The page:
‘Vaccine saved my life’ says Fife councillor after 11 days in hospital battling COVID

A prominent Fife councillor has pleaded with people to get the Covid-19 vaccine after being convinced the jabs saved his life.
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Craig Walker, who is convener of the region’s education and children’s services sub-committee, has issued the rallying call following a harrowing 11-day stint in hospital battling Covid and pneumonia as his loved ones and friends anxiously waited for news on his condition.

The 50-year-old was already at high risk having received a life-saving kidney transplant in 2019, and had been taking immunosuppressants to lower the chances of his body rejecting the organ.

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Despite shielding and diligently taking extra precautions though, the SNP councillor for Glenrothes West and Kinglassie revealed he was rushed into hospital on October 21 and feared on several occasions over the next week-and-a-half that he might not make it out.

Craig Walker faced a tough 11 days in hospitalCraig Walker faced a tough 11 days in hospital
Craig Walker faced a tough 11 days in hospital

“There’s no doubt in my mind that I’d be dead if I hadn’t had the vaccine,” Mr Walker insisted.

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“The vaccine gave me a fighting chance as someone who is vulnerable, and luckily with treatment I’ve managed to come through it.

“But I can’t understand the mindset of those who willingly aren’t getting the jab - vaccines have been proven to work in a whole host of other areas and I am positive the vaccine saved my life.

On duty: Craig walker with fellow councillor, Julie For,  at the site of the former Tanshall Primary School in 2018On duty: Craig walker with fellow councillor, Julie For,  at the site of the former Tanshall Primary School in 2018
On duty: Craig walker with fellow councillor, Julie For, at the site of the former Tanshall Primary School in 2018

“Covid is not a joke.

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“You know from watching the news that it can be serious, but you don’t really understand it until you get it.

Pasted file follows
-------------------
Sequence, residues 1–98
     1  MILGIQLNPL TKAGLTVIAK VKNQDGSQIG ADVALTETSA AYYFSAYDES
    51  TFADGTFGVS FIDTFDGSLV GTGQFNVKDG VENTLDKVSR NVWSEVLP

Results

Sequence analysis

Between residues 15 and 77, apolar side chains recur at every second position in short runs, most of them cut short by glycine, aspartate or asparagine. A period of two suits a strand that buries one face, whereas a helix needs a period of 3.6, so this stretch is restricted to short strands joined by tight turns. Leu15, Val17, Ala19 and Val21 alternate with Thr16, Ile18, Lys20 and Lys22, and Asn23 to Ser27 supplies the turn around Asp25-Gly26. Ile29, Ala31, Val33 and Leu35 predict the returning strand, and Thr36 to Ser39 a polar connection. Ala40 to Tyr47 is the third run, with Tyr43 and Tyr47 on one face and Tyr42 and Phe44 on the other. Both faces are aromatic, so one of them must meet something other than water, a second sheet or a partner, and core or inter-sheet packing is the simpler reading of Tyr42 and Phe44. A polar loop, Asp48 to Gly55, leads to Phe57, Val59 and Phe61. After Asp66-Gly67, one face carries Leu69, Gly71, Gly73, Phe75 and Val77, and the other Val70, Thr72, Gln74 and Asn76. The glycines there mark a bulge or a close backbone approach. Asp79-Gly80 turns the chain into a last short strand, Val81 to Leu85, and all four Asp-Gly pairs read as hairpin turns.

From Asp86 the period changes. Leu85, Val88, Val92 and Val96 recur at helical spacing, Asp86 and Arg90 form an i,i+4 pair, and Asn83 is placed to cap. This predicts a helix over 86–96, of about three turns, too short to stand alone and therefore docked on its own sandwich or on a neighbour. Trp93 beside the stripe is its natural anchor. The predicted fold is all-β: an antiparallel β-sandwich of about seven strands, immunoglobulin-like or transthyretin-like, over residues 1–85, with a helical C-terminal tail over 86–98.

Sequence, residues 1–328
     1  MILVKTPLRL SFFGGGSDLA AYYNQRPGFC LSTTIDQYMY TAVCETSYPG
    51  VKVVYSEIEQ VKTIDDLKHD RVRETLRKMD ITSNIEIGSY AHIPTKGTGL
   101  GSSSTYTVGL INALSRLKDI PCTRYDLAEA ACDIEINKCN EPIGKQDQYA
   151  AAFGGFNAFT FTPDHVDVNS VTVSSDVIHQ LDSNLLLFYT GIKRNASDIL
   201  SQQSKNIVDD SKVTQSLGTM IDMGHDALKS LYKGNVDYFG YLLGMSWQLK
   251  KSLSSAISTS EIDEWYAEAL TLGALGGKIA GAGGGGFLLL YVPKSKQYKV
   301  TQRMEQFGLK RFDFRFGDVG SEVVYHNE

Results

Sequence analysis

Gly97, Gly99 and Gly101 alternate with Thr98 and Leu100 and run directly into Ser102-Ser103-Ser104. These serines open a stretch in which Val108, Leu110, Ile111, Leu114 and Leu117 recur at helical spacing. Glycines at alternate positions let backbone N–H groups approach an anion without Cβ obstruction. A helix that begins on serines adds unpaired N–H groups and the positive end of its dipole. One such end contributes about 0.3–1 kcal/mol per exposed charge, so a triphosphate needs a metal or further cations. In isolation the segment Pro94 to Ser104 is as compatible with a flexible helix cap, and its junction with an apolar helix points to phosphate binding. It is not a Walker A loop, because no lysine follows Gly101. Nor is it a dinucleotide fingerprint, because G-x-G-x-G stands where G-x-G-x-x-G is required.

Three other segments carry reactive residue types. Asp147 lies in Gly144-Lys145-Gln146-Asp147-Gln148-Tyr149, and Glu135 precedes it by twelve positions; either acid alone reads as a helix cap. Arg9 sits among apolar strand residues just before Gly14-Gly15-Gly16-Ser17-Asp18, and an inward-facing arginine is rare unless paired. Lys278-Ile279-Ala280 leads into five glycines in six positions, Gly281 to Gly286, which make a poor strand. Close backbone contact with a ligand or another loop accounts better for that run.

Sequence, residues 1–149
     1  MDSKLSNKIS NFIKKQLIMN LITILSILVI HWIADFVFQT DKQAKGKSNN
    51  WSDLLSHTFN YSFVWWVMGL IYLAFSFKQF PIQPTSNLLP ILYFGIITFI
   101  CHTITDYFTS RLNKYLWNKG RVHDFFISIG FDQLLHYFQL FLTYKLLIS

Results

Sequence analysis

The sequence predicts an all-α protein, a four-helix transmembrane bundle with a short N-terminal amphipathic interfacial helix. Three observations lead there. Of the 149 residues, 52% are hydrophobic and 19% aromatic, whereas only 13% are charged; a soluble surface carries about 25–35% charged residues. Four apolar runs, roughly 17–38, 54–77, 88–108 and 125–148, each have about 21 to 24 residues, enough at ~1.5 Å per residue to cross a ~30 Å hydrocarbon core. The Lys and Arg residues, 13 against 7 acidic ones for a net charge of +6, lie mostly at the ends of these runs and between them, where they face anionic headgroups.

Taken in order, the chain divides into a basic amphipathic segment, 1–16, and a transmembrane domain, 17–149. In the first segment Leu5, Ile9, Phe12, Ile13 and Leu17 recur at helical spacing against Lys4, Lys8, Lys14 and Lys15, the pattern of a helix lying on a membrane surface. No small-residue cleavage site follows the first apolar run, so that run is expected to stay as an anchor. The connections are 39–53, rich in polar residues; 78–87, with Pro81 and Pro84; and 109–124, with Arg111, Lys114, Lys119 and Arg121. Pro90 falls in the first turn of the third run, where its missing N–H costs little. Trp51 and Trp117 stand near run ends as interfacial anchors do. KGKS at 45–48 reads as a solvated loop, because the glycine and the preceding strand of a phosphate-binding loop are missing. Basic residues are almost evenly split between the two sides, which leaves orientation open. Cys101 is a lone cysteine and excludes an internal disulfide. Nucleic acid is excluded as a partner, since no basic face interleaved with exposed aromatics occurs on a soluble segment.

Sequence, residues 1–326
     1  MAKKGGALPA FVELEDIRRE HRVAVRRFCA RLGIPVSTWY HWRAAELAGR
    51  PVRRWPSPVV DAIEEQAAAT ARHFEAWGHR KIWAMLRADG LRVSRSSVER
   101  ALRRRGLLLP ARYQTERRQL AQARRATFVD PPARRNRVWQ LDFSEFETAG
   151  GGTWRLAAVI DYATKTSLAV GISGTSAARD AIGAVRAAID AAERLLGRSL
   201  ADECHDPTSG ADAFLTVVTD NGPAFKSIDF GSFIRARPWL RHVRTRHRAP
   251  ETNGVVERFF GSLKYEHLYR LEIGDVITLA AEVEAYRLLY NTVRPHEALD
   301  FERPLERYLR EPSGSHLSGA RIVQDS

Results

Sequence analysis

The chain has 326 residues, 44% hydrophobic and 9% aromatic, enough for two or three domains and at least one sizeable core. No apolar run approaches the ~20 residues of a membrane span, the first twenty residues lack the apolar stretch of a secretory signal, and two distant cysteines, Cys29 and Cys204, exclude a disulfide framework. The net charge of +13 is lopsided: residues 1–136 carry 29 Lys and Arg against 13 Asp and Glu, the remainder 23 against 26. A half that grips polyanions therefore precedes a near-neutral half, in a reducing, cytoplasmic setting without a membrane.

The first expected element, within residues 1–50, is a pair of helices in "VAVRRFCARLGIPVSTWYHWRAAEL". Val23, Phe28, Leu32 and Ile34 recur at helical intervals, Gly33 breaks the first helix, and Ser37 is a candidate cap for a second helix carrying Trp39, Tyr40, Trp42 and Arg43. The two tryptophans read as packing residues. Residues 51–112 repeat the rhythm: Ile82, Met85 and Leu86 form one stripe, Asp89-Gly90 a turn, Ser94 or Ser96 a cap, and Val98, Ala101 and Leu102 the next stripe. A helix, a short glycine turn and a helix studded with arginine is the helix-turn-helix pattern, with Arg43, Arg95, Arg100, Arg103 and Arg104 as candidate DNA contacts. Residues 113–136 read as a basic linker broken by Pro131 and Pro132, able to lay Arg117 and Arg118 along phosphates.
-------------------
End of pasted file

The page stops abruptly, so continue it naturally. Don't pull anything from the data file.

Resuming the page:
“You only really understand how bad it can be and it’s definitely no fun.”

Mr Walker, whose wife Lynda is pregnant, went into 10 days of isolation after developing flu-like symptoms and receiving a positive PCR result, but he said he went rapidly “downhill” on the final day.

“I’ve no idea how I got it because the kidney transplant meant I’ve had to shield and I’ve been pretty meticulous in terms of watching myself,” he continued.

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“The first part wasn’t too bad actually and just felt like a bad flu initially, but the nearer I got to the end of isolation I started to feel worse and I was eventually wheeched in to hospital after phoning NHS 24.”

Almost a month on, Mr Walker admits he remains “pretty rough” and has not yet returned to full strength, although doctors say that is to be expected.

However, he is adamant that the protection afforded to him by the vaccine ensured he is here today to tell the tale.

“It got a bit hairy in hospital and there were four or five days where things were a bit dodgy and I needed oxygen to support me,” he added.

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“There was talk of having to go to the Covid unit and I was told I was getting close to the point where the use of a ventilator might have been in the equation, and who knows what might have happened?

“I just think that those people who are putting themselves at unnecessary risk need to think again.

“It does save lives because I’m convinced I’m one of those people, and I can’t thank the NHS enough for pulling me through this.”

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